• entries
  • comments
  • views

Ayn Rand Sightings -- The Fountainhead in LA Review of Books



I was alerted to this review by one of the folks I follow on Twitter, Robert Tracinski:

A small excerpt from the offending review with a bit of Rand news that I missed highlighted:


You can see why some readers — especially younger ones — might find Rand’s work exciting.

As for her ideas: Rand is one of the few popular writers (L. Ron Hubbard is another) to have developed her own school of philosophy. She called this intellectual movement “Objectivism,” and it came complete with an articulated metaphysics, epistemology, ethics, and aesthetics. Her fiction, which contained this philosophy in embryo, enshrined the lonely nobility of the individual, the value of selfishness, the fraudulence of altruism, and the depravity of collectivism:

Men have been taught that their first concern is to relieve the suffering of others. But suffering is a disease. Should one come upon it, one tries to give relief and assistance. To make that the highest test of virtue is to make suffering the most important part of life. Then man must wish to see others suffer — in order that he may be virtuous. Such is the nature of altruism. The creator is not concerned with disease, but with life. Yet the work of the creators has eliminated one form of disease after another, in man’s body and spirit, and brought more relief from suffering than any altruist could ever conceive.

I haven’t read a lot of Rand, so I have to trust my companion’s word that Toneelgroep Amsterdam’s four-and-a-half hour theatrical adaptation of The Fountainhead, which recently finished a run at the Brooklyn Academy of Music as part of the 2017 Next Wave Festival, is faithful to its source, even bizarrely so. Most responses to Rand are split between reverence and ridicule; the extremity of her beliefs and her rhetoric demand more than mere agreement. 

-- I am half-convinced that we already noted the Amsterdam theatre group's adaptation in an earlier OL post, but my attempts to find that note are foiled by the search facility, which has gremlins at the moment.

[Edit: gremlins vanquished:; the link goes to Michael's note of the earlier sighting ... ] 



Recommended Comments

Not quite a sighting, but.  The 'talking books' folks at Audible have made Atlas Shrugged available for no charge.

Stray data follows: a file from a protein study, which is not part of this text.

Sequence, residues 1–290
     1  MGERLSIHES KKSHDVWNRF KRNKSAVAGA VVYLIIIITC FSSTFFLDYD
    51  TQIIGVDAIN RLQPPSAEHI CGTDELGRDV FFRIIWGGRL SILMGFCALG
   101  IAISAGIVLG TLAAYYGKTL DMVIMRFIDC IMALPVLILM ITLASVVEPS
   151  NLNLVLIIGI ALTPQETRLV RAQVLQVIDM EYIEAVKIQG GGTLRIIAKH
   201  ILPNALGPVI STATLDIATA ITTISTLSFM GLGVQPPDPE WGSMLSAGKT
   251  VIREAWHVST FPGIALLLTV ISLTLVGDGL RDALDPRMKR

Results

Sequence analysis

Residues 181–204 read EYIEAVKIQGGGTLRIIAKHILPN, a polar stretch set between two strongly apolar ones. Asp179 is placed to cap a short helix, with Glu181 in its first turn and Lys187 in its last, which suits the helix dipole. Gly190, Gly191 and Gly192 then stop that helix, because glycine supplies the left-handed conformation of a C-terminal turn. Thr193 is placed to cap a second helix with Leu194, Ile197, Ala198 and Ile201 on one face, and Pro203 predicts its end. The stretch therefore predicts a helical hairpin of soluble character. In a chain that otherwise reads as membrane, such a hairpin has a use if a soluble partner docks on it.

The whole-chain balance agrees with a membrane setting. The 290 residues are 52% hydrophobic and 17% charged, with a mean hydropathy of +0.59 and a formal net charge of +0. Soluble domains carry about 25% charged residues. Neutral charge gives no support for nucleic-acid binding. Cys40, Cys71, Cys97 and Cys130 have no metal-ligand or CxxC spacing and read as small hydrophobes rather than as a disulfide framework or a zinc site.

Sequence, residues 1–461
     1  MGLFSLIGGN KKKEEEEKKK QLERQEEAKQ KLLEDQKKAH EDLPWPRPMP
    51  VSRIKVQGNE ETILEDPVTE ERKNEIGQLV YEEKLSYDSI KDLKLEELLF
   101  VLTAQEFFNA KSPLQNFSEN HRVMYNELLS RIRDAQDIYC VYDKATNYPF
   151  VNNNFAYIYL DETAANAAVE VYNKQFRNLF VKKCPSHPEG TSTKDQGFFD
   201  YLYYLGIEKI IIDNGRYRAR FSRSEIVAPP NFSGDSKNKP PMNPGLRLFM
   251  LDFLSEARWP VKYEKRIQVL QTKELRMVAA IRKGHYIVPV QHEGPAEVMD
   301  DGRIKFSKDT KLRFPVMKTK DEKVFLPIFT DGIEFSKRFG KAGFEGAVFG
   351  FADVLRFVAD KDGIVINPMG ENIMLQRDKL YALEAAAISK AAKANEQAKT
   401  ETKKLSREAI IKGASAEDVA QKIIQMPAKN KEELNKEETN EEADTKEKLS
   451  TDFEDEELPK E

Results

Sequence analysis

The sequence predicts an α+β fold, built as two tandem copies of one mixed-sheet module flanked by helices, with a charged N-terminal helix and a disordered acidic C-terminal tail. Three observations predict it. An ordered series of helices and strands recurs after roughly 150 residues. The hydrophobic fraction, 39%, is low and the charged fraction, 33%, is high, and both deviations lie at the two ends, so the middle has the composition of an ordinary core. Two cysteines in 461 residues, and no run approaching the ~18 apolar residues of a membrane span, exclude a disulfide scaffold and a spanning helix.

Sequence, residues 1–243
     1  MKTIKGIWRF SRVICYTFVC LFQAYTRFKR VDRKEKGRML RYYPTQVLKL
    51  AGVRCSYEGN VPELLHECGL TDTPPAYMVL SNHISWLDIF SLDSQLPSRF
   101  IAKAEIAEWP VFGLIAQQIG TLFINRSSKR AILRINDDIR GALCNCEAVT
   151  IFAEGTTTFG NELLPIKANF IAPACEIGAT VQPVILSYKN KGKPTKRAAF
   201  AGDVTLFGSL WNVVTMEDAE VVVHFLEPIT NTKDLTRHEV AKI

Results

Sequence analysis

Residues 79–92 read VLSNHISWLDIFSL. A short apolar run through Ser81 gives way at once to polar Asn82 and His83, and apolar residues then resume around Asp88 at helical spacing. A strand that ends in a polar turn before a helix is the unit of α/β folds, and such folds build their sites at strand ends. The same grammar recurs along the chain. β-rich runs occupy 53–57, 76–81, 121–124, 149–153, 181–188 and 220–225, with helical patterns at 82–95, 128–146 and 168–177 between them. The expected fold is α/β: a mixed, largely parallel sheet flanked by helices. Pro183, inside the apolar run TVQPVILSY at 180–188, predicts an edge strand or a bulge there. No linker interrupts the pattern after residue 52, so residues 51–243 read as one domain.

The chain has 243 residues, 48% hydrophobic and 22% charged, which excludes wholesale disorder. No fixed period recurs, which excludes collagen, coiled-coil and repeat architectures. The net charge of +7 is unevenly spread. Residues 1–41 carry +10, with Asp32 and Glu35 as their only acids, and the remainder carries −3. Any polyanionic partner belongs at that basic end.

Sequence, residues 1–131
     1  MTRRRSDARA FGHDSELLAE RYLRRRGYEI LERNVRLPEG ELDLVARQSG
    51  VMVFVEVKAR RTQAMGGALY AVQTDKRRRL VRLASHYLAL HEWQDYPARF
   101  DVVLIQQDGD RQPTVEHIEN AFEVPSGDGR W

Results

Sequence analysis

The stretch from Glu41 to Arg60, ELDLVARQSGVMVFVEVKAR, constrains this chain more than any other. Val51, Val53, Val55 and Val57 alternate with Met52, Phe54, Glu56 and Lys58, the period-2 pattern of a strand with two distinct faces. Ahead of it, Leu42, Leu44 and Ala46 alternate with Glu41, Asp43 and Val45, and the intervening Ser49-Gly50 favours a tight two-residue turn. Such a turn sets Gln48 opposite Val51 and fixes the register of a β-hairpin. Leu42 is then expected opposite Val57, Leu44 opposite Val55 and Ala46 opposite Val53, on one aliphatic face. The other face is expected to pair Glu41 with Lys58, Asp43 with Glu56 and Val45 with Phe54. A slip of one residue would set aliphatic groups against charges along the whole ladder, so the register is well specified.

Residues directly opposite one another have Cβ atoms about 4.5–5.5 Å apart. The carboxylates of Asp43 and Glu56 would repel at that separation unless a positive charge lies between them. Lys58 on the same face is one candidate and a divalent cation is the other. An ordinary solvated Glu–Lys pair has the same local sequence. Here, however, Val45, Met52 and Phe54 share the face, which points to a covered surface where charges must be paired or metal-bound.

Hat tip to the Ayn Rand Institute, via email ...

Ayn Rand’s Atlas Shrugged Is Currently Available for Free Streaming on Audible!
“For as long as schools are closed, we’re open,” announced Amazon’s Audible. “Starting today, kids everywhere can instantly stream an incredible collection of stories, including titles across six different languages, that will help them continue dreaming, learning, and just being kids. All stories are free to stream on your desktop, laptop, phone or tablet. Explore the collection, select a title and start listening. It’s that easy.”

Not all of the audiobooks on offer are just for kids; Atlas Shrugged is among the available titles. If you are housebound during this coronavirus crisis, now is the perfect time to listen or re-listen to Ayn Rand’s magnum opus!


Link to comment

The current Skeptic magazine almost cites Rand in the article "25 Fallacies in the Case for Christianity."

Number 23, Stolen Concept.

Skeptic is a bit of an old warhorse, but a libertarian ethos is well-saddled at times, and not just in editor Michael Shermer's weighty pieces. Like the old horse it seems to have trodden deeply on a few routes, one of which is god claims and arguments. Most of the time, it's straight-up small-o objectivism.

And Skeptic leaves almost all the Bigfoot trails clear for Skeptical Inquirer, which is even more venerable and habituated to ancient battlefields ...


Link to comment

Create an account or sign in to comment

You need to be a member in order to leave a comment

Create an account

Sign up for a new account in our community. It's easy!

Register a new account

Sign in

Already have an account? Sign in here.

Sign In Now